Time may not be on the side of the new Canadian International Hockey League as its teams prepare to take the ice for an inaugural 2014-2015 season.
But teams in the Ontario-based CIHL — which is sanctioned by the United Hockey Union under the umbrella of the Amateur Athletic Union — do have an advantage over other junior leagues when it comes to recruiting players.
The way the CIHL is set up, Canadian and American players share equal status as non-imports and all teams in the new league can roster up to 12 Europeans — and that is something that no other sanctioned junior league in Canada or the United States can lay claim to.
Founder and president Tim Clayden may have been in a race against time when he decided in late February of this year to move his Espanola Rivermen out of the Northern Ontario Jr. Hockey League to start the new CIHL but the man had a plan in place and he has moved forward with it.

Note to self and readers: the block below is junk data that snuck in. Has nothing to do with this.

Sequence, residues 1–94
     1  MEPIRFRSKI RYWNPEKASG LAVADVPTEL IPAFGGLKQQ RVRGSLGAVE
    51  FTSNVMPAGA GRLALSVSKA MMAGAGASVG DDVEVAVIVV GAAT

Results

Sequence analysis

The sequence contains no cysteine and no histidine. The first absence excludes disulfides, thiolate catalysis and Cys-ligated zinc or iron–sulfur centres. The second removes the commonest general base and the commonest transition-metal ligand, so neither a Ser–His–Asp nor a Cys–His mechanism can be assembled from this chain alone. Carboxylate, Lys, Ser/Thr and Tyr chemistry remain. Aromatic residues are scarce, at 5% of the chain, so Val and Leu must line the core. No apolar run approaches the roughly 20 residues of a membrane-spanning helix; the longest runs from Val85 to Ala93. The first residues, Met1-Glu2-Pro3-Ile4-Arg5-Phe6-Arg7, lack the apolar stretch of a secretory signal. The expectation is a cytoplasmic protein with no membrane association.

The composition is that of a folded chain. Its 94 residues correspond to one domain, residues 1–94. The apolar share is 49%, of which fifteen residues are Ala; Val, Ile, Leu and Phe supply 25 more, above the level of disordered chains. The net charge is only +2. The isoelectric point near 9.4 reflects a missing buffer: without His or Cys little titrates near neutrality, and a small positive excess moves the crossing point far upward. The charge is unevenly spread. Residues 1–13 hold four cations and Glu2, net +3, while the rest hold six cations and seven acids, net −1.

Clayden quickly billed the CIHL as “a league without borders” and the fact that Canadian and American players are one in the same and teams can use as many as 12 Europeans is a stroke of brilliance on the part of the visionary founder.
So while there are teams in the NOJHL that do not have a pool of local talent to draw from and are restricted in the number of imports they can sign, CIHL clubs face few limitations as they recruit players from North America and Europe while also allowing the use of 15-and-16-year-old local talent.
As time moves forward, smaller-market NOJHL clubs such as the Abitibi Eskimos, Cochrane Crunch, Mattawa Blackhawks, Elliot Lake Wildcats and Blind River Beavers figure to be at a player-recruiting disadvantage to teams in the CIHL.
To be sure, the CIHL is new and the NOJHL is established, which is an advantage for the latter. But how long will that advantage last?
Time will tell.